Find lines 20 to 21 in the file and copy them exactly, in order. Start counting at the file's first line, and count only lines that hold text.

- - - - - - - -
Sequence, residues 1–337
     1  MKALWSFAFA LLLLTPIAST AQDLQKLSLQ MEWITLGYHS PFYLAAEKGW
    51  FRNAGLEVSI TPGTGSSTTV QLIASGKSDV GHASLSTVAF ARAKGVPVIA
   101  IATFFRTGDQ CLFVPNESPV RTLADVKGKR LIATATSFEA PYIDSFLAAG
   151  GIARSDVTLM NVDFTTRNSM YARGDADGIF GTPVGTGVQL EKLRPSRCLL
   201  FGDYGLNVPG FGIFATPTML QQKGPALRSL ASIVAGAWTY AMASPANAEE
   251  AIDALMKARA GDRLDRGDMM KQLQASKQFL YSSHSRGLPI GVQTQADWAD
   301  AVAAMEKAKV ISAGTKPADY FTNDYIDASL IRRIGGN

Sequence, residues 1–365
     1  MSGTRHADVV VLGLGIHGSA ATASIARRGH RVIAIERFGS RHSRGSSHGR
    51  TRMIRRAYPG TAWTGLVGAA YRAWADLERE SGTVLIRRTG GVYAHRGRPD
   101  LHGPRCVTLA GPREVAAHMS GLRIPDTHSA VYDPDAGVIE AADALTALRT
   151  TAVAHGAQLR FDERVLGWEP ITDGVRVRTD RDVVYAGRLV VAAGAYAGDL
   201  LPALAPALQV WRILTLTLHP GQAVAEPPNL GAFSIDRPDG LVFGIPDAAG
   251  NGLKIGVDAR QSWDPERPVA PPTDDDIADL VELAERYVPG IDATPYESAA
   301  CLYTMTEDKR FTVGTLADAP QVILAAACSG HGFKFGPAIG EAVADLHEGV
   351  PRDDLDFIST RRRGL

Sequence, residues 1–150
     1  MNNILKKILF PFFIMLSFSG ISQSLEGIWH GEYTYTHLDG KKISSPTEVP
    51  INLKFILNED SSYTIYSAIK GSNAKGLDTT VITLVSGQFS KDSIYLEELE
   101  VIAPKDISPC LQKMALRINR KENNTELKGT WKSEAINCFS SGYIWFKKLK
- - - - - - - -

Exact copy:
    51  INLKFILNED SSYTIYSAIK GSNAKGLDTT VITLVSGQFS KDSIYLEELE
   101  VIAPKDISPC LQKMALRINR KENNTELKGT WKSEAINCFS SGYIWFKKLK